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Storms in Bangkok are especially intense near the end of the rainy season. After soaking the city all night, rain fell hard again on a September Tuesday morning, lowering the air temperature a crucial few degrees. Rain turned the alleys into canals through which tuk-tuks waded and sometimes even floated. Our blazing local light had been transformed to misty grey. In this moist and moody atmosphere I visited Wat Pho, a large temple complex in the Rattanakosin Island area of Bangkok. The morning downpour had driven most people away. If you plan to visit Wat Pho, I recommend arriving right after a storm on a late morning mid-week. What would normally have been a crowded, sweaty experience was calm and comfortable, with candles flickering in a damp, almost cool breeze.

Though not my first Thai wat, this was the most elaborately detailed one I’d visited so far. I spent several hours examining it without understanding much of what I was seeing. English-speaking docents are available to fill guests in on the history of the place, but I wanted to take lots of pictures, which doesn’t always work well with guided tours. I also wanted to cherish the experience of walking alone in quiet corridors, a rare treat in this urban environment where people always seemed to be around just when I desired a stroll by myself.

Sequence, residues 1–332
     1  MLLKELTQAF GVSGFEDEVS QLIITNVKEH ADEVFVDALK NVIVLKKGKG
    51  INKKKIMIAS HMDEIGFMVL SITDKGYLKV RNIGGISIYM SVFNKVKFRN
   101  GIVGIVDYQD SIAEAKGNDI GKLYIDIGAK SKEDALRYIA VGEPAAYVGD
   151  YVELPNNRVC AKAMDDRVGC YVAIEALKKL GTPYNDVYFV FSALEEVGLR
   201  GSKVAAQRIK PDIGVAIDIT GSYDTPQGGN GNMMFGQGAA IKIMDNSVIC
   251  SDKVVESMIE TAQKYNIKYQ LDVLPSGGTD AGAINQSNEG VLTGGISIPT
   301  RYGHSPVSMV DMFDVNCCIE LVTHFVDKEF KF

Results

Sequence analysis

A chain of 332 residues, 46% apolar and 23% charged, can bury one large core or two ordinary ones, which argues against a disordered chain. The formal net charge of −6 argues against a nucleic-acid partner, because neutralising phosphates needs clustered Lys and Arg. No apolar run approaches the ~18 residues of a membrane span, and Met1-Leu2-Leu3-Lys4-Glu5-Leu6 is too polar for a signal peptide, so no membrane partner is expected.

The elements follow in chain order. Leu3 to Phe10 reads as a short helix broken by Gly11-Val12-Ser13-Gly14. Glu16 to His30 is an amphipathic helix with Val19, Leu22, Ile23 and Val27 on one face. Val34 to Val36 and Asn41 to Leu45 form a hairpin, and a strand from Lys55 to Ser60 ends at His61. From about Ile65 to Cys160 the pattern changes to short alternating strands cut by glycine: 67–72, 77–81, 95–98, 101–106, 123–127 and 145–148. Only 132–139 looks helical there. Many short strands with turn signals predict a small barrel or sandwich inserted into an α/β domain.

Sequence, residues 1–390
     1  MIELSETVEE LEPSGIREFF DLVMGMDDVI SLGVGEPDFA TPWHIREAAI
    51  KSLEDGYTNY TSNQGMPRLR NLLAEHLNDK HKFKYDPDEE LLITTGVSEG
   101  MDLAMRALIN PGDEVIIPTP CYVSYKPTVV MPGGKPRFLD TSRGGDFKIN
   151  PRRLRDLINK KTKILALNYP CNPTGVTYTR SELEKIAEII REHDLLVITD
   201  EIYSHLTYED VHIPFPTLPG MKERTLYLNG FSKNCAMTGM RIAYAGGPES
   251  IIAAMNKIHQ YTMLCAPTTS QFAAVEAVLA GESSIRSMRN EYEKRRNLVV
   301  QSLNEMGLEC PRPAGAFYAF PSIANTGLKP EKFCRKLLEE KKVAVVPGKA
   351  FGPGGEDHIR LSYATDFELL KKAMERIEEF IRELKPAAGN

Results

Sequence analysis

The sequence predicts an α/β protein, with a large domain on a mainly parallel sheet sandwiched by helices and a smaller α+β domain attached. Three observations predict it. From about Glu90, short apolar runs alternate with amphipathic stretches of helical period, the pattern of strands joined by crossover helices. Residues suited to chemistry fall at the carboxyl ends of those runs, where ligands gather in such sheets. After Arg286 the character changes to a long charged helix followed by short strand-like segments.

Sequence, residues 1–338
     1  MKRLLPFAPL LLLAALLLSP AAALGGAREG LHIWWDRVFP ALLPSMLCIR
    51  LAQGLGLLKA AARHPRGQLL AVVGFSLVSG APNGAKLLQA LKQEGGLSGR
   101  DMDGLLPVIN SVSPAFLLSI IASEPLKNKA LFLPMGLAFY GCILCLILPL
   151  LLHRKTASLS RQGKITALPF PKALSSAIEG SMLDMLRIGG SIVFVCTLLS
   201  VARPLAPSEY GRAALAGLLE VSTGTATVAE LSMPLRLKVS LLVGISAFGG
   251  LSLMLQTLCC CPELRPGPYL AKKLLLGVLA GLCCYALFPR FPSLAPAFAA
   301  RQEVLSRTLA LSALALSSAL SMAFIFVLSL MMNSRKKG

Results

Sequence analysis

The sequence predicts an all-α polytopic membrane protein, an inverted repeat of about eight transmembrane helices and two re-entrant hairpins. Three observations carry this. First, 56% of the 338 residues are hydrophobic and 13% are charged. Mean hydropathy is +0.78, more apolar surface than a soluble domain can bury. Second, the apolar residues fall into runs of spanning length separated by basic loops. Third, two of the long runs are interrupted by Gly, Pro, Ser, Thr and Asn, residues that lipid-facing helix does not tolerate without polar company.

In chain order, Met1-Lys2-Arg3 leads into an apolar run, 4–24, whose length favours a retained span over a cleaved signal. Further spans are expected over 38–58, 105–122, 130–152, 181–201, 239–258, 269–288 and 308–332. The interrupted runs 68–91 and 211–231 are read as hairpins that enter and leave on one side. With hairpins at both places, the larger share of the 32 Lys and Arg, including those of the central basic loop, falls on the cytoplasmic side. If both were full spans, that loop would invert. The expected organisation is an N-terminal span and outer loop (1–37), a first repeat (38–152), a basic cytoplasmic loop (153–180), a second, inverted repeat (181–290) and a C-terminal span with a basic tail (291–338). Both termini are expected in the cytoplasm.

My first impressions: new gilding and paint layered over old surfaces, an eclectic mix of sculptures—some of which didn’t look Thai—and pavilions lined with walls of inscriptions. Yes, there were Buddha statues and images, large numbers of them, but some pictures seemed to portray non-religious themes, or perhaps they referred to obscure aspects of cosmology. I didn’t know. Once again I found myself taking pictures first and asking questions later. When I finally read up on Wat Pho (the name is short for Wat Photharam), I learned that the temple complex is linked with important events in Thailand's history, playing a critical role in preserving knowledge in the face of destruction by invading forces.


Back in the fourteenth century, the Kingdom of Ayutthaya (part of the country of Thailand, which foreigners then called Siam) boasted a vast accumulation of cultural treasures. In 1767, Burmese troops sacked its capital city of Ayutthaya, located about 45 miles north of Bangkok, and left it in ruins. It was the end of a long siege of the walled city. Many centuries of artwork, libraries of literature and medical knowledge, historical archives, and even Buddha statues and temples were burned and looted.

This destruction of the city of Ayutthaya was completely pointless. The Burmese were forced to withdraw a few months later to defend their country against the invading Chinese; they couldn’t hold on to their military conquest. The Kingdom of Ayutthaya was left in a divided and chaotic state until King Taksin reunited the kingdom in 1768 and relocated its capital city to Thonburi, across the Chao Phraya River from Bangkok. Now it was the Kingdom of Thonburi.